Diagnosing Headache and Migraine – Is It Useful?

July 18, 2009 by dean · Leave a Comment 

Diagnosing headache and migraine provides a label – that is all.

Evidence is mounting to support the concept that headache and migraine originates from a single condition – sensitisation of the brainstem – and that the various types of headache and migraine are different presentations of this condition.

What is more important than a diagnosis is to determine the cause of the sensitisation and then address this.

Case reports demonstrating relief of migraine (and cluster headache) symptoms after blocking or suppressing (abnormal) information from the upper neck, clearly indicate that neck disorders are capable of sensitising the trigemino-cervical nucleus (brainstem) – this is easy to confirm or rule out – by having your neck examined by a practitioner experienced in assessment of the upper cervical spine.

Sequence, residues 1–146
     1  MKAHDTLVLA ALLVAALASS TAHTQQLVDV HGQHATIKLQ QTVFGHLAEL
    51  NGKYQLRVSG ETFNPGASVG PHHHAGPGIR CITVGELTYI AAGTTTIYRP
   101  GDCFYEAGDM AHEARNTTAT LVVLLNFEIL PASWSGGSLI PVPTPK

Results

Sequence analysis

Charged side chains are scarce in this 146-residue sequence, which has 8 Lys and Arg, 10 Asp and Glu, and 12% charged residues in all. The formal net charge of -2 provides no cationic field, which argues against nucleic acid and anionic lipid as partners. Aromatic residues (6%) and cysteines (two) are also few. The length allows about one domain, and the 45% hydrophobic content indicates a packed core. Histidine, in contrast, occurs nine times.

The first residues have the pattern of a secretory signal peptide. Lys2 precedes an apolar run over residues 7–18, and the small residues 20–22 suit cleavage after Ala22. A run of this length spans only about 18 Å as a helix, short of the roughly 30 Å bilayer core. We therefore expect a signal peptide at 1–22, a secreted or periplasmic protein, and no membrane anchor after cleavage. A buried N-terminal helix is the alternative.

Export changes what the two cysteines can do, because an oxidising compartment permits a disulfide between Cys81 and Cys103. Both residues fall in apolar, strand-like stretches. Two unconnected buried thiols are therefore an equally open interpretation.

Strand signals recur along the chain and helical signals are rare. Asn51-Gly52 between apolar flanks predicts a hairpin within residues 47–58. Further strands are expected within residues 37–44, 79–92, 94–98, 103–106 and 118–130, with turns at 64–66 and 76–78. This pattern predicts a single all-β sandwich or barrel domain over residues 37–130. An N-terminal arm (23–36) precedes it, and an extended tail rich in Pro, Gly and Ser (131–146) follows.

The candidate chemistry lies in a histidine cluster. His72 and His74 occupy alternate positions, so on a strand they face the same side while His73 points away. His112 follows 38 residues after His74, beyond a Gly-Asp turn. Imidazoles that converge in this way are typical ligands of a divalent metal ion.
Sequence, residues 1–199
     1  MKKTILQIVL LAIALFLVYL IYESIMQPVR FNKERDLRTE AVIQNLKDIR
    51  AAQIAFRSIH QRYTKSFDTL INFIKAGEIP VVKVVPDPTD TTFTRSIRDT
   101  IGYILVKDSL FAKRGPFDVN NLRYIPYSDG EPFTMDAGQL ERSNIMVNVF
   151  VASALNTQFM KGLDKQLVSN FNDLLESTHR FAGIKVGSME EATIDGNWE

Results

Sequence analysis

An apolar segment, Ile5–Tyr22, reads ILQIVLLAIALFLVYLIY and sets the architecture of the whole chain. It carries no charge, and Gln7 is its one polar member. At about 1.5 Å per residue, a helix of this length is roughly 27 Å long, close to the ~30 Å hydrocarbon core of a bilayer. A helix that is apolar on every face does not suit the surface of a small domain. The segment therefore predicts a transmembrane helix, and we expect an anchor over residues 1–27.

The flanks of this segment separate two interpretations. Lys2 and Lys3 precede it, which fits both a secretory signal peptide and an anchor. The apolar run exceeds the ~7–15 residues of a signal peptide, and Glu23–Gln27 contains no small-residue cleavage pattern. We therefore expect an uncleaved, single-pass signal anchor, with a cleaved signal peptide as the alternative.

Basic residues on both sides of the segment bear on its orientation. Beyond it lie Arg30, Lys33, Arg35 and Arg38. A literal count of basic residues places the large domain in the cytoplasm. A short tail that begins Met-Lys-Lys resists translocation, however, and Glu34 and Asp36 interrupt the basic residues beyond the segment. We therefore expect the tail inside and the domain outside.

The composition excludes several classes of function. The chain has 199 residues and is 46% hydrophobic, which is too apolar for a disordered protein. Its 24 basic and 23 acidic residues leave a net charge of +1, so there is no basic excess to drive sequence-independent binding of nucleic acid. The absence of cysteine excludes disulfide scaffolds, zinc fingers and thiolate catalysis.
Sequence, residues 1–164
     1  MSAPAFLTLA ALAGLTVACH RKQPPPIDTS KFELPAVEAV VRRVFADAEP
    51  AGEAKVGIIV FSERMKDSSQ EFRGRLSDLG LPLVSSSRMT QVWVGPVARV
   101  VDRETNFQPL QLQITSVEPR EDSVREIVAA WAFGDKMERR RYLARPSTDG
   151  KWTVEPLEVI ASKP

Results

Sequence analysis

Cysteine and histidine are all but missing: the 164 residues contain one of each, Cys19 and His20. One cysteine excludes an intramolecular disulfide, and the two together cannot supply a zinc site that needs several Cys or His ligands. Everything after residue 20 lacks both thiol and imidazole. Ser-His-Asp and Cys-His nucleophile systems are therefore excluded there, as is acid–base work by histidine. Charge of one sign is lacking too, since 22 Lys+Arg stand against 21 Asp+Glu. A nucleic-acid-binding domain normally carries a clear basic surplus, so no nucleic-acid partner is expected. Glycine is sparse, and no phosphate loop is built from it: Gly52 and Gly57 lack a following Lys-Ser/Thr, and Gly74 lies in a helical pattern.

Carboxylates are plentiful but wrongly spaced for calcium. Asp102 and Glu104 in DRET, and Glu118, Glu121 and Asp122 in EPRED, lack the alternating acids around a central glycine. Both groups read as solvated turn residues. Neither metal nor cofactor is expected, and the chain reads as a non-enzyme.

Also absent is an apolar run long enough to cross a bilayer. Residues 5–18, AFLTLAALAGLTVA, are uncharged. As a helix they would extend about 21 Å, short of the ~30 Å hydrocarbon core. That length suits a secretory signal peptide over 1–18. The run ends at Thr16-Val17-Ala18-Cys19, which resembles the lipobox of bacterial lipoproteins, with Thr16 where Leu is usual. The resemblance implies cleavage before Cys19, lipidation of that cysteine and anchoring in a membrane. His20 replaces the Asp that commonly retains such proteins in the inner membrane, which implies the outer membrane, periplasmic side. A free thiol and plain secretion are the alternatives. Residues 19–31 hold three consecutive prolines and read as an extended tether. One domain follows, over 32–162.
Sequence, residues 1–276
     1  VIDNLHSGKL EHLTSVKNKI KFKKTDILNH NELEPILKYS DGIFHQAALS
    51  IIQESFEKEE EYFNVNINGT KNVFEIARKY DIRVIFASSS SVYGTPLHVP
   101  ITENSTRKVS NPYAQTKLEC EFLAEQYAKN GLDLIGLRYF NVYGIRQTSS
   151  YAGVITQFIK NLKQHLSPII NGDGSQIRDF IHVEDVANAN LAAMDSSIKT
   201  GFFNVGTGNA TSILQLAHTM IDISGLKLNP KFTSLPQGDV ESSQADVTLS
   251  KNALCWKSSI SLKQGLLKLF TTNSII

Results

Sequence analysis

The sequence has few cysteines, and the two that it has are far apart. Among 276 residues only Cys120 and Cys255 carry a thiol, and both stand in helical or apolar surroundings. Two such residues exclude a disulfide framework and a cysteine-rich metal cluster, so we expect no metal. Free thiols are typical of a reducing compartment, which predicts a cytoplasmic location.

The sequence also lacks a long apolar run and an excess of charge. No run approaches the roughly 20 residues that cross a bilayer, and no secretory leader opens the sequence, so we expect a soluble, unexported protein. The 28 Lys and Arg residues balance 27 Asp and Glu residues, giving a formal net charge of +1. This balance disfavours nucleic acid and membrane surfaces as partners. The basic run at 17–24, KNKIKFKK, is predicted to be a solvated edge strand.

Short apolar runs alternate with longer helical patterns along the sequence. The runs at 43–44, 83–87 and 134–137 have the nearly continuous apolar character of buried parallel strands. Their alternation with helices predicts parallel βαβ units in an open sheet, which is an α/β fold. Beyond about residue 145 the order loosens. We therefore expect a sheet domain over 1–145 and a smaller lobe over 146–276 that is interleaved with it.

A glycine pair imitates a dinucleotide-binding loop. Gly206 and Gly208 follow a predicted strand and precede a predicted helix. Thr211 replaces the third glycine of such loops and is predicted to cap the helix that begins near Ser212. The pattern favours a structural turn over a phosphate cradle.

Cheers

Dean

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About dean
Consultant Headache & Migraine Physiotherapist; International Teacher; Director, The Headache Clinic & Watson Headache Institute; PhD Candidate Murdoch University, Western Australia; Adjunct Lecturer, Masters Program, Physiotherapy School, University of South Australia; MAppSc(Res) GradDipAdvManipTher Experienced health practitioners trained in the Watson Headache Approach perform the examination and treatment techniques developed by Dean Watson. These techniques are based on his extensive experience of 7000 headache patients (21,000 hours) over 21 years and are now taught internationally. For your nearest practitioner who has completed training in the ‘Watson Headache Approach’ please refer to the ‘Practitioner Directory’.

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